Bin Laden is dead, Long Live al-Baghdadi

Baghdadi is the new version of Bin Laden: a model for the religious failure in the Sunni community

Abdulrahman al-Rashed
Abdulrahman al-Rashed
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The emergence of an ISIS leader has rekindled fears as it appears that one man has finally come to save the group from diverging into different directions, especially with it being a group based on symbolism, history and religion. Abu Bakr al-Baghdadi emerged, ending al-Qaeda’s infertility that lasted for three years after failing to find a successor to its slain leader, Osama bin Laden.

The time and place of this emergence raises questions about what this group is, who controls it, and who was able to break into it. ISIS suddenly emerged in Syria, at a time when the collapse of Assad’s regime seemed definite. The emergence of ISIS saved the Syrian regime by threatening the world with an alternative terrorist regime that would replace Assad’s and by fighting against the armed opposition.

The same scenario happened in Iraq. Nouri al-Maliki, who is the closest to Iran, was on the verge of ending his term as prime minister, especially that Sunni, Shiite and Kurds leaders unanimously refused to renew his term. Suddenly again, ISIS emerged. It seized Mosul, the second largest and most heavily guarded city. And so, Maliki was brought back to the forefront, imposing himself as the needed leader to face the Sunni terrorists.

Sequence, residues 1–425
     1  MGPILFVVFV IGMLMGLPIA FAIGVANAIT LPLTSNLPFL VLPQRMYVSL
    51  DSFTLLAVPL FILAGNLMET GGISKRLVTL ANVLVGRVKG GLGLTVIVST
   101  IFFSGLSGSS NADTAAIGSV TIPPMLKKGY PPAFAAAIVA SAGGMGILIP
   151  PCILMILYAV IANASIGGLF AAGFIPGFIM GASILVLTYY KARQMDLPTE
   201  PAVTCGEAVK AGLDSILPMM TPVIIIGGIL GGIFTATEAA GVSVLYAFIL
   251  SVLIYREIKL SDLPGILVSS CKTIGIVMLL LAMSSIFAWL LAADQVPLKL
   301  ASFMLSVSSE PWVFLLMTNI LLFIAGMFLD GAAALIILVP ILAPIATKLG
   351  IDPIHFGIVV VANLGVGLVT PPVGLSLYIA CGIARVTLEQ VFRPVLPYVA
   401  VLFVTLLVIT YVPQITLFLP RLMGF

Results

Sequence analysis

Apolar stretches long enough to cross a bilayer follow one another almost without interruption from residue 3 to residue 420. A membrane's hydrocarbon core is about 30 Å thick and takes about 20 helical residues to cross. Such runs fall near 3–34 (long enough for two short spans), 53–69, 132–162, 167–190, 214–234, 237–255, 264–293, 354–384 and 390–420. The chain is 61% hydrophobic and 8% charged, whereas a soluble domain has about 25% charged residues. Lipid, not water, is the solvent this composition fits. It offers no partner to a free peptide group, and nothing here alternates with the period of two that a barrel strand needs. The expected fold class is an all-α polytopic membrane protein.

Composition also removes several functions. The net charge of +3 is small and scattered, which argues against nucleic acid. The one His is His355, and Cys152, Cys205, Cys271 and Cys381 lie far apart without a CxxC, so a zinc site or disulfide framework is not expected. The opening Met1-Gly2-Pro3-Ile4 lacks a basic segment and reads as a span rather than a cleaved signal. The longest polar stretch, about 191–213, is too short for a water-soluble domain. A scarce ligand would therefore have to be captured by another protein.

Instead of ISIS fighting its obvious opponents, Assad and al-Maliki, the group mobilized its men towards the northern borders of Saudi Arabia with Iraq. It has also waged a battle on the southern borders between Saudi Arabia and Yemen.

Baghdadi is the new version of Bin Laden: a model for the religious failure in the Sunni community, which was unable to stop extremism and find a cultural alternative

Abdulrahman al-Rashed

Bin Laden is dead, Baghdadi lives on! He acts as his predecessor acted, and avoids what his predecessor avoided. Iran was the enemy in their religious propaganda, and was secretly their ally. It was home for some al-Qaeda cells since the nineties, led by Egyptian fundamentalist Saif al-Adel. After al-Qaeda’s escape from Afghanistan, Iran has become a refuge for many more cells. Bin Laden sent half of his children and one of his wives to Iran, and after his death, they were handed over to Syria and then to Saudi Arabia. There are still a huge number of al-Qaeda’s Saudi and Arab leaders and soldiers in Iran. Al-Qaeda has never targeted Iran, despite its ideology and incitement against Shiites!

A model of religious failure

Baghdadi is the new version of Bin Laden: a model for the religious failure in the Sunni community, which was unable to stop extremism and find a cultural alternative. ISIS emerges from dark cellars. Intelligence agencies in the region broke into ISIS and directed it in line with their political projects that are unrelated to the organization’s mission. Almost all of al-Qaeda’s fighters who entered Iraq after the occupation of U.S. troops, sneaked across the Syrian border.

A new war is looming on the horizon, and it may last for a decade or even two, who knows?

This article was first published in Asharq al-Awsat on July 6, 2014.


Abdulrahman al-Rashed is the General Manager of Al Arabiya News Channel. A veteran and internationally acclaimed journalist, he is a former editor-in-chief of the London-based leading Arab daily Asharq al-Awsat, where he still regularly writes a political column. He has also served as the editor of Asharq al-Awsat’s sister publication, al-Majalla. Throughout his career, Rashed has interviewed several world leaders, with his articles garnering worldwide recognition, and he has successfully led Al Arabiya to the highly regarded, thriving and influential position it is in today.

Disclaimer: Views expressed by writers in this section are their own and do not reflect Al Arabiya English's point-of-view.
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